Tuesday, November 27, 2012

Atonement - Ian McEwan

One of the movies in theaters right now that I am anxious to see is Anna Karenina.  Keira Knightly stars in the novel adaptation directed by Joe Wright.  This pairing of Knightly in front of the camera and Wright behind has already produced together two of what I believe to be the best films of the twenty-first century thus far.  The pair teamed up first on Pride and Prejudice and then Atonement.  The former is well known, particularly to anyone who has participated in a girls' night since its release in 2005.  The latter, though critically acclaimed, seems to have garnered less common knowledge notoriety since its 2007 debut, at least among my peers.  While nearly everyone has heard of Pride and Prejudice, when I mention Atonement, most people have no memory of it.  Despite my adoration for the film rendition of Ian McEwan's story, I must admit I had not read the book until now.  I was only vaguely aware that it had been based on a book, but was reminded when McEwan released his newest work, Sweet Tooth, earlier this month.  Before I allow myself to indulge in the newest McEwan work, I determined to visit the source of one of my favorite films.

For those unfamiliar with the story, I offer a brief recap.  Briony Tallis, younger sister to Cecilia, spends her childhood days fantasizing and writing.  One summer day, Briony witnesses a series of events which lead to a life changing accusation.  Atonement centers on just that: Briony's lifelong need to find atonement for her actions.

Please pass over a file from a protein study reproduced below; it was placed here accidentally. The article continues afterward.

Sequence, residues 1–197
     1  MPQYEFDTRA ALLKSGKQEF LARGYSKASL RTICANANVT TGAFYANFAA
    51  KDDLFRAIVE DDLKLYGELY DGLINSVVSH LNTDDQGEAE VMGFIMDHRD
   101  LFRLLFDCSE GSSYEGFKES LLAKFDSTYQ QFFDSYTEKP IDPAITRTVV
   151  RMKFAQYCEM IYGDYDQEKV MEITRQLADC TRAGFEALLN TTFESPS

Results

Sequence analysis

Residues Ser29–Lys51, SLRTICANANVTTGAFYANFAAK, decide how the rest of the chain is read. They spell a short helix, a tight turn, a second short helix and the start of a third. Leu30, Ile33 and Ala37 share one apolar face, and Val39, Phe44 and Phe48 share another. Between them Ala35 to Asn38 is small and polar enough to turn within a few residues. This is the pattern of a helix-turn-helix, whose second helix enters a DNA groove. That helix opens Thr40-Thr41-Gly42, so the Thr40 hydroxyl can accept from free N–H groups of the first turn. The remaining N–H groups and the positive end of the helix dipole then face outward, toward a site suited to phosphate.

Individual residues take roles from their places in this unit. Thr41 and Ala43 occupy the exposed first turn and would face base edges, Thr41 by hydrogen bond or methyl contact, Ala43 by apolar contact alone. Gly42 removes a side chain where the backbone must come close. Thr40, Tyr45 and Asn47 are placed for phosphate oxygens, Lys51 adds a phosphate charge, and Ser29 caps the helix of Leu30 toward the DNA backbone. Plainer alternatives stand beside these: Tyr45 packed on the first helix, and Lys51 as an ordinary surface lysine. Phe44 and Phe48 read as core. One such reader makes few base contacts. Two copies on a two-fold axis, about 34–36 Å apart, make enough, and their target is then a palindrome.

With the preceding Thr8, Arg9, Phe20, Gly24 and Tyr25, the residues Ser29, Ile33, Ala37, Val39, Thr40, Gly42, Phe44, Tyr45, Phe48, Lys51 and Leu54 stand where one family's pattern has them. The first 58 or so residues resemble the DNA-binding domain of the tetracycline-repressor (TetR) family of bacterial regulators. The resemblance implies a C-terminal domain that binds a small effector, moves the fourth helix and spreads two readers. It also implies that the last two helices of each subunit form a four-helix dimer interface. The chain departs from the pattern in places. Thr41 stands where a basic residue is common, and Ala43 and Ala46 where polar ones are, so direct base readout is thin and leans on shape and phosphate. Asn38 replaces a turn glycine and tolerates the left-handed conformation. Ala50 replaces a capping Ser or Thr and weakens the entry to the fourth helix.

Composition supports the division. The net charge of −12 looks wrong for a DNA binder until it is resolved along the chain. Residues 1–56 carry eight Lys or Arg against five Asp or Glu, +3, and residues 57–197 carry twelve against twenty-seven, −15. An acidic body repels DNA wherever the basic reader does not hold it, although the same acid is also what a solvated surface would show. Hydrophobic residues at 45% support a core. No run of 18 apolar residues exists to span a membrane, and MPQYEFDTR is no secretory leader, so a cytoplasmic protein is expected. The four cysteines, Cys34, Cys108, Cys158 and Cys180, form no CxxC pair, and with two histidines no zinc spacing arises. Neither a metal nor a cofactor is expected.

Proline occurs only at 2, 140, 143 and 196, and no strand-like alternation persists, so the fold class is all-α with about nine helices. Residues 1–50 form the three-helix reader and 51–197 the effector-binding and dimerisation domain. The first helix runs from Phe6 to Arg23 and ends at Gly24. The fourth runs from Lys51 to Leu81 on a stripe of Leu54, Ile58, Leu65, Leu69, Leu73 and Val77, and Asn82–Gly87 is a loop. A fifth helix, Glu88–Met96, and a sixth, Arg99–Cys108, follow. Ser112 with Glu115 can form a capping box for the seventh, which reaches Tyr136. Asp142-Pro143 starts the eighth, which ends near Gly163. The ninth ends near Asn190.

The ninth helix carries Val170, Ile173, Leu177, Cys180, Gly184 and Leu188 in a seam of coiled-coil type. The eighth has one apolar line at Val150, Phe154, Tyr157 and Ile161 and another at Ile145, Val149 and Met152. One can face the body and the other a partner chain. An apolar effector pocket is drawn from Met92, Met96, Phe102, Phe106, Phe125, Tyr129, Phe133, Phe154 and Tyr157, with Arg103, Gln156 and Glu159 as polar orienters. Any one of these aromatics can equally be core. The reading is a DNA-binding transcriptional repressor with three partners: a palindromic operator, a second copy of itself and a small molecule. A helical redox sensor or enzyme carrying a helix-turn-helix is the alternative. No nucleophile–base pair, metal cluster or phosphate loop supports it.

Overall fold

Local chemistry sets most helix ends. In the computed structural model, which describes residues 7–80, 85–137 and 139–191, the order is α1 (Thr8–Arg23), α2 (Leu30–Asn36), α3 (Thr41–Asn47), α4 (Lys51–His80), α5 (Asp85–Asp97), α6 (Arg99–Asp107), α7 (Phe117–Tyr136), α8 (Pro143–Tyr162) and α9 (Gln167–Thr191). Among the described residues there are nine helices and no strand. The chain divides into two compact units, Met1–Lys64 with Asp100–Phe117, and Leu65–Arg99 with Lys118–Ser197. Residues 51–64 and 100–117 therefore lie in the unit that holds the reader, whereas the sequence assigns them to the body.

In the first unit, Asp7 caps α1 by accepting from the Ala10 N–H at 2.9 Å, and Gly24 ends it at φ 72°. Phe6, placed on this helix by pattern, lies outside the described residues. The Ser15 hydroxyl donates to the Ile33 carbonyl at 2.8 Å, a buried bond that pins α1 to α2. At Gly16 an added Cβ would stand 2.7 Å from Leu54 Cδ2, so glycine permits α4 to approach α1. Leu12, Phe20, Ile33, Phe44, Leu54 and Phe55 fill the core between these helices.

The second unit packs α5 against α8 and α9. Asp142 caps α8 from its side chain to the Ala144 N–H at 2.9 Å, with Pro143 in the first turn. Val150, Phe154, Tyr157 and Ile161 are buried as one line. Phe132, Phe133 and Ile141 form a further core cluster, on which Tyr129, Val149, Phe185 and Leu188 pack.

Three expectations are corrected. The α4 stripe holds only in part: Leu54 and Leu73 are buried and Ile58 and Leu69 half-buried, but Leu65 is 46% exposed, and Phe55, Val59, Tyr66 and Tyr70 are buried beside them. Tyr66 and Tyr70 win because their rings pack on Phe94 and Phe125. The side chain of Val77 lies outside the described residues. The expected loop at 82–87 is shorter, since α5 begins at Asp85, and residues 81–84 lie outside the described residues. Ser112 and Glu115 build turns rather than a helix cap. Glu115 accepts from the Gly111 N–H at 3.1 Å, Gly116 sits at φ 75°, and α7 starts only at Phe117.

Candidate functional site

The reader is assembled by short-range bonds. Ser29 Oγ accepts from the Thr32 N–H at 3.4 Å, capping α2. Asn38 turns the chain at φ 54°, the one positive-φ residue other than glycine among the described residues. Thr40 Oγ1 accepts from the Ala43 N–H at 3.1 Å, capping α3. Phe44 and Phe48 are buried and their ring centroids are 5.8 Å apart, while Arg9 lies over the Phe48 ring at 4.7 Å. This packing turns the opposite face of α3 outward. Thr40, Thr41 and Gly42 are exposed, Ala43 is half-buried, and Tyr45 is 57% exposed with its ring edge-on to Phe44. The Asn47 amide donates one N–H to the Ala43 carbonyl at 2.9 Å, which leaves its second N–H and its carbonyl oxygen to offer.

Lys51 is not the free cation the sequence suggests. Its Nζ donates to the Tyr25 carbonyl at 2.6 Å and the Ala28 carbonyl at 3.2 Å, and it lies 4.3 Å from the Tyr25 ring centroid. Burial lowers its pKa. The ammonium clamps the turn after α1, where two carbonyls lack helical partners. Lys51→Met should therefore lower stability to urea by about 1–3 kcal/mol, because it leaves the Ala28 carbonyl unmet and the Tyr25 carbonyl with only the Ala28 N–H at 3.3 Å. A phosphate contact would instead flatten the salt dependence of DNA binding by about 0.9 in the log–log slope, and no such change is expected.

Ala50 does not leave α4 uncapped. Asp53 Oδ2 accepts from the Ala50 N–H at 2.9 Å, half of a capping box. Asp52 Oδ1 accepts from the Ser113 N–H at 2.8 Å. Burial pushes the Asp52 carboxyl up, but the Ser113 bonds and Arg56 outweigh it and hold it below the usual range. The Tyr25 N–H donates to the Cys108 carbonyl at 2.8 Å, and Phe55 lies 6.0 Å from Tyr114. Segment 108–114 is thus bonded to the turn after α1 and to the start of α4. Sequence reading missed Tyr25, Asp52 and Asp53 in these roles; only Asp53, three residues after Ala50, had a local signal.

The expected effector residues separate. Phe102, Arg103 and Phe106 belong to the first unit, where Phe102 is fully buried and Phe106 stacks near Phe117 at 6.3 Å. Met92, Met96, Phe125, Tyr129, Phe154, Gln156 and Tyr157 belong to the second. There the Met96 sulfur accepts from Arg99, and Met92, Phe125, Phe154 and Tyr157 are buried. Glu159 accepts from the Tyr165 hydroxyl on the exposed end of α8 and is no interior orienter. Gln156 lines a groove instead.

Thursday, November 15, 2012

Anne of the Island - L.M. Montgomery

November has settled in nicely.  I find it hard to believe there are only six weeks remaining in the year.  And, after today, only five books remaining to reach my goal.  The reality of that amazes me.  For the first time, I can predict every remaining piece of the puzzle.  It is an exciting place to have reached!  I have plans for some exciting posts come the end of the year, so make sure you stay tuned to see what comes next.

In the mean time, I should not jump ahead so - one page at a time, as it were.  I have continued on with the Anne of Green Gables series.  If you remember, I read the first two books, Anne of Green Gables and Anne of Avonlea earlier this fall.  They are easy reads and take me back to my childhood.  As Anne Shirley's story continues in this third installation, we see her college years in Kingston and Anne's love life finally blooms.

Friday, November 9, 2012

Reading Lolita in Tehran - Azar Nafisi

As mentioned in a previous post, I recently came across a list of books for book lovers.  Reading Lolita in Tehran was referenced as a book that anyone in a book club has already read, but was still worth mentioning.  While under usual circumstances a statement like that would have turned me off to a book suggestion, something about Azar Nafisi's work intrigued me.  Reading Lolita tells the true story of Nafisi's time in  Iran as an English literature professor and as the organizer of a small women's book club.  The memoir covers Iranian history from a civilian viewpoint from the pre-revolutionary days to the mid-nineties.  Iran once again has become a popular topic of discussion in the foreign policy conversation and I did not know much about it.  This seemed like a wonderful opportunity to learn simultaneous to enjoying Nafisi's literary insight.

Wednesday, November 7, 2012

Son - Lois Lowry

Looking back, I can hardly believe I had not read The Giver until this year.  The Newberry Award winner captivates with its elegant simplicity and introspective message.  Upon completion, I immediately read sequels Gathering Blue and Messenger, which, though not to the level of The Giver, were also quite enjoyable.  The series reaches its conclusion in new release Son, which Lowry just published this year after a long gap between books.  Lowry had promised a book which would bring the first three to a cohesive conclusion.  While she did that, and her writing remains superior to so many others, I found myself somewhat unsatisfied by her conclusion.